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Rockefeller researchers discover a biological clock within a clock

at the two proteins idle in a cell's cytoplasm until they bump into each other and then, bound together, enter the nucleus. But Young and Pablo Meyer, who was then a graduate student in Young's lab, used a novel method to show that this scenario was far too simple.

Meyer, a physicist by training, found himself frustrated by how little he could see of what was occurring in a cell. "The truth is, we really don't know, mechanistically, what happens in the cytoplasm, and how things are being done in such a precise way," Meyer says. So he turned to a technique invented in 1948, called fluorescence resonance energy transfer; FRET gauges interactions between proteins by fluorescently tagging them and measuring how they react to different wavelengths of light. But although the technique can provide useful information, it's so complicated that researchers rarely use it. And no one had ever thought to use it to follow proteins in a single cell for an extended period of time.

"This begins to measure all these biochemical interactions inside the cell," Meyer says. For the first time, Period and Timeless could be tracked within a cell for eight hours or longer. "No one had ever labeled the components to follow them over time, to see one clock as it ticks away in a single cell," Young says. "All the biochemistry and molecular biology that had been done on this had been piecing together information from dead flies." But now, instead of freeze-frames, they had a movie.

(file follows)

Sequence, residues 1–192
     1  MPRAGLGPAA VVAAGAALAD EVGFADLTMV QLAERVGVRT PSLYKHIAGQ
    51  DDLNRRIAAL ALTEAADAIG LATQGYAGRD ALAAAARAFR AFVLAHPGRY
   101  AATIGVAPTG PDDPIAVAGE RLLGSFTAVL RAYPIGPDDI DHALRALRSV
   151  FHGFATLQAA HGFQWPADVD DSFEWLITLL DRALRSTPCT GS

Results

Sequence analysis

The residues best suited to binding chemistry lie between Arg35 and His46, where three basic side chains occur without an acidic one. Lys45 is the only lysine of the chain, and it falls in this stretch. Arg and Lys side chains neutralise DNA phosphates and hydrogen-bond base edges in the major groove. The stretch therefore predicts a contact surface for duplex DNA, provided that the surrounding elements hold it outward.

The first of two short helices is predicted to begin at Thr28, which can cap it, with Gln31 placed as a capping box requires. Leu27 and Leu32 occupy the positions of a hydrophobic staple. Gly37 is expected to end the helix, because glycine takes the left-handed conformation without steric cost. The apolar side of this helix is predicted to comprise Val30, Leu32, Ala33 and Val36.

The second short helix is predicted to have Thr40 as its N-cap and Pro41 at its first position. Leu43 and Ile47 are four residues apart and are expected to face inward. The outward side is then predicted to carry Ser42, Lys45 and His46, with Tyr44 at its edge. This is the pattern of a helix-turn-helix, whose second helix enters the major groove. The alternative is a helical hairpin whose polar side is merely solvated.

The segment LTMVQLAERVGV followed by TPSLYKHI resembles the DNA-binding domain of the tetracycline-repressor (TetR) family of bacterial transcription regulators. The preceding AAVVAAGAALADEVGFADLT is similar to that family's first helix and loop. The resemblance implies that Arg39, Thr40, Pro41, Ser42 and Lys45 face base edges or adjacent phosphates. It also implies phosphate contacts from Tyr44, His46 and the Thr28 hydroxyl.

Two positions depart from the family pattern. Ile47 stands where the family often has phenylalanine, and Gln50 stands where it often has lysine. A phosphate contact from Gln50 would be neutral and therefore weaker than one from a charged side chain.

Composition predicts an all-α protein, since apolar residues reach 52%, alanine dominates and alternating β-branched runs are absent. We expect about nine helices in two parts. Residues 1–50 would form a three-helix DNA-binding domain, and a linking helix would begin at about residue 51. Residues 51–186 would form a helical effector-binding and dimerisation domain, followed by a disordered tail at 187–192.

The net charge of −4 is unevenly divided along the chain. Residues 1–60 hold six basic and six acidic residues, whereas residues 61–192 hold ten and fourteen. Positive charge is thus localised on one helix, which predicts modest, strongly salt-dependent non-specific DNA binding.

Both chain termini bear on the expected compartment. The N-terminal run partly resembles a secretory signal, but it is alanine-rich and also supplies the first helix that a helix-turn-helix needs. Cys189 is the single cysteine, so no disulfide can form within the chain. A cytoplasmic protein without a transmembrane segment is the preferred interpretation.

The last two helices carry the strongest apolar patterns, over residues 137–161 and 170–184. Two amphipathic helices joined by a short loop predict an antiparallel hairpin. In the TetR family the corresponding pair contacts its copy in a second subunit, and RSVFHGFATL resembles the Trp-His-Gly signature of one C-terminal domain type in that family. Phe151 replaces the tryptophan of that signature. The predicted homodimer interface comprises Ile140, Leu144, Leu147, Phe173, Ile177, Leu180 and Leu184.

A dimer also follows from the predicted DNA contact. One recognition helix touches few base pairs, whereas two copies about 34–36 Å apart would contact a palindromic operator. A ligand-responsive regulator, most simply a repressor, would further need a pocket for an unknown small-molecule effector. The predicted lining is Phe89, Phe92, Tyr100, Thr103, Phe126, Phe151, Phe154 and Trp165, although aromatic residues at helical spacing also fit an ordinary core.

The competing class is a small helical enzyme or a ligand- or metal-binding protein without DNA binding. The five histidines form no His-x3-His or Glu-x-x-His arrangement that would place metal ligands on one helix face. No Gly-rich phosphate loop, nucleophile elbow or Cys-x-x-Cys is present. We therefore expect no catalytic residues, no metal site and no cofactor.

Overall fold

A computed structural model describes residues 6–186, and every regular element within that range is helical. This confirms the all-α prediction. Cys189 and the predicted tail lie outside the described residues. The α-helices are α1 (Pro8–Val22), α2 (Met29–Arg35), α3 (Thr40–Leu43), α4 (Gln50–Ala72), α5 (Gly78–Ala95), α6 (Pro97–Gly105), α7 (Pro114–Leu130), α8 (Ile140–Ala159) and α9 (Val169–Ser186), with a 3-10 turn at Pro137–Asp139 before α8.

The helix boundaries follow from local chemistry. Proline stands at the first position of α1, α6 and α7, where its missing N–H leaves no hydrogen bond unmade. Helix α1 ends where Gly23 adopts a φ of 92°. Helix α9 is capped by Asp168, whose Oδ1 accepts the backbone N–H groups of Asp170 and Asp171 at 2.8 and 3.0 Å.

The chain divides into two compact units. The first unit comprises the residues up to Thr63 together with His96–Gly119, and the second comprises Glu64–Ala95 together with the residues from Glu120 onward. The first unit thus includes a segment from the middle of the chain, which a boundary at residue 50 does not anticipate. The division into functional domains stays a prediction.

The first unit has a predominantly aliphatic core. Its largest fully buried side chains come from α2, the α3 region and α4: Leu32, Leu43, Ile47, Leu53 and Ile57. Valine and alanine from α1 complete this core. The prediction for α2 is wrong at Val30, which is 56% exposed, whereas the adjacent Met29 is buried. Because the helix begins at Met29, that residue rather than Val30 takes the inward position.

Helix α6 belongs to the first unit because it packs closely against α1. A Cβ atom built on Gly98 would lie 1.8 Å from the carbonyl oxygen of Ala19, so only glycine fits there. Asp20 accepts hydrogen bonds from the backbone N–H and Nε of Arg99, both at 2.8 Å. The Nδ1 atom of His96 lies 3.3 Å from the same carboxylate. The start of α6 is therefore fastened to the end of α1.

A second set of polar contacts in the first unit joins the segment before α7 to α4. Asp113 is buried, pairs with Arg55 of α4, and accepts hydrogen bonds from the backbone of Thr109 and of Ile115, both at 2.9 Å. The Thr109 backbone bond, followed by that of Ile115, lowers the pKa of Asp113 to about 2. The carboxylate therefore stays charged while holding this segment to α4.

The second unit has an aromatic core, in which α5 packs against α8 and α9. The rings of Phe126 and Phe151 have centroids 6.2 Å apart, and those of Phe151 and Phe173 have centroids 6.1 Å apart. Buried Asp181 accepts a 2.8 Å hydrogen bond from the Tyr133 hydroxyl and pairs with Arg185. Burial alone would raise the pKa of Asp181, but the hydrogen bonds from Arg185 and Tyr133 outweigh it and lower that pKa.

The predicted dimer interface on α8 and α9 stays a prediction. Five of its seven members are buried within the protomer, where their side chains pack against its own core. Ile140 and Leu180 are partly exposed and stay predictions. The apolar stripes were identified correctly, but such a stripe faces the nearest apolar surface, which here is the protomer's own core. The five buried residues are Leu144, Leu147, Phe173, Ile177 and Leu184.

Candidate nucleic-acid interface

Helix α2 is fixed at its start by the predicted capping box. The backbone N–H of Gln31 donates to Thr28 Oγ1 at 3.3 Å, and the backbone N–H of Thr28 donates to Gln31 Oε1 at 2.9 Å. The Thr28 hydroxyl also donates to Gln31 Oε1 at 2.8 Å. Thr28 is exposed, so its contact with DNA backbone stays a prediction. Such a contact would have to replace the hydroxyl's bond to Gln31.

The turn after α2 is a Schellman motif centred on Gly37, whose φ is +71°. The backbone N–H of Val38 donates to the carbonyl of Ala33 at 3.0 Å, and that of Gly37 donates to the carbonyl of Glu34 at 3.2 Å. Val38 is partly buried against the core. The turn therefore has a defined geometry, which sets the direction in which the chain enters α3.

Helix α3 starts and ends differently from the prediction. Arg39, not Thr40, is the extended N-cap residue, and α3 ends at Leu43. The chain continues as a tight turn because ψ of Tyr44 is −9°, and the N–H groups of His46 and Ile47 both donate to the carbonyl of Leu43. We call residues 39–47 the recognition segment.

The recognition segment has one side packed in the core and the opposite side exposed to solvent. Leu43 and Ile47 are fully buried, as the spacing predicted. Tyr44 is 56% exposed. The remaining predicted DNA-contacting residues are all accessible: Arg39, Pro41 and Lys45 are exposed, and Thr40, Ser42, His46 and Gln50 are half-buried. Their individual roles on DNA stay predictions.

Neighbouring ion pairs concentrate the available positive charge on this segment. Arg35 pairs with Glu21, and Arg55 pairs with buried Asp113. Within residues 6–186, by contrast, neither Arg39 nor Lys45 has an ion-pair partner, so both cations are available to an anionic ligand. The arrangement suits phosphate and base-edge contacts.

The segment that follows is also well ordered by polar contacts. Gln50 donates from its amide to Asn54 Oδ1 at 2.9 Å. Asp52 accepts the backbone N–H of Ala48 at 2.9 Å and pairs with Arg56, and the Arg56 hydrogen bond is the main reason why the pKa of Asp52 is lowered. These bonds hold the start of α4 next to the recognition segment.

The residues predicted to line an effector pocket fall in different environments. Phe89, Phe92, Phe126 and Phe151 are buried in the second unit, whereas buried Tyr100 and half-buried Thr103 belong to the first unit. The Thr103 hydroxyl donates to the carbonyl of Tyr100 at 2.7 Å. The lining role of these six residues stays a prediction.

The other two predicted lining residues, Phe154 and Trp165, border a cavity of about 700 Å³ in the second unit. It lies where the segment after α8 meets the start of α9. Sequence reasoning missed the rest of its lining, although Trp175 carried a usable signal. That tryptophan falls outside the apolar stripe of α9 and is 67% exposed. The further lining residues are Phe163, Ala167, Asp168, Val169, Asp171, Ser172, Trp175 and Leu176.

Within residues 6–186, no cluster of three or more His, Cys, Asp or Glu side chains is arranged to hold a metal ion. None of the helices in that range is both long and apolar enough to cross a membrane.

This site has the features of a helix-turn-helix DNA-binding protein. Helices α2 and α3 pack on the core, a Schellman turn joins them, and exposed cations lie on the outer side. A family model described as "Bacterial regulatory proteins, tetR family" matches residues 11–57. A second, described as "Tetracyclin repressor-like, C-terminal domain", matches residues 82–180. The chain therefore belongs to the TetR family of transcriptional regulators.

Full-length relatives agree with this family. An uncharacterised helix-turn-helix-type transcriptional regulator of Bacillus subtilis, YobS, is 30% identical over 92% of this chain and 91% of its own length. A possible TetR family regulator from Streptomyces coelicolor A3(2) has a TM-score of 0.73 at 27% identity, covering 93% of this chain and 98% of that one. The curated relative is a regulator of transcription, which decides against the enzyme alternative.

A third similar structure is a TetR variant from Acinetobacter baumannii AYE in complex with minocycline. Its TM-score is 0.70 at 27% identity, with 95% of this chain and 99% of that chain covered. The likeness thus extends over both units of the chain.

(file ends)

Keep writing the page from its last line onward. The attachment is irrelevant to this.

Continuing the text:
The movie allowed them to follow the interactions between Period and Timeless with a resolution never before possible. They discovered that, rather than randomly colliding, the two proteins bind together in the cytoplasm almost immediately and create what Young and Meyer refer to as an "interval timer." Then, six hours after coming together, the complexes rapidly break apart and the proteins move into the nucleus singly, all of them within minutes of each other. "Some switch is thrown at six
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Contact: Joseph Bonner
bonnerj@rockefeller.edu
212-327-8998
Rockefeller University
12-Jan-2006


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